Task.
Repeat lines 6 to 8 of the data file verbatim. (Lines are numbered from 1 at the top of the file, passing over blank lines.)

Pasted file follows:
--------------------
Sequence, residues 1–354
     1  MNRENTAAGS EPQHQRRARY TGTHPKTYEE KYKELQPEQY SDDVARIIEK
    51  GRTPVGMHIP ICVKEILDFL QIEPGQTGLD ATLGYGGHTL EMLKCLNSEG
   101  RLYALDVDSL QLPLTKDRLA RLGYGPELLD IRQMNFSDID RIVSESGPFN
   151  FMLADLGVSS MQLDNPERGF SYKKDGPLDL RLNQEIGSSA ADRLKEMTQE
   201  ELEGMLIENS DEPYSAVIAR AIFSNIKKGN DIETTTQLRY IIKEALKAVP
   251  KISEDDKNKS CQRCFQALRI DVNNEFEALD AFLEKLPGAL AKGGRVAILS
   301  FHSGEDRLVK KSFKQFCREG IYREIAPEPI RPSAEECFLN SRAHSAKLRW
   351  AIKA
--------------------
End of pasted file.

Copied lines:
   201  ELEGMLIENS DEPYSAVIAR AIFSNIKKGN DIETTTQLRY IIKEALKAVP
   251  KISEDDKNKS CQRCFQALRI DVNNEFEALD AFLEKLPGAL AKGGRVAILS
   301  FHSGEDRLVK KSFKQFCREG IYREIAPEPI RPSAEECFLN SRAHSAKLRW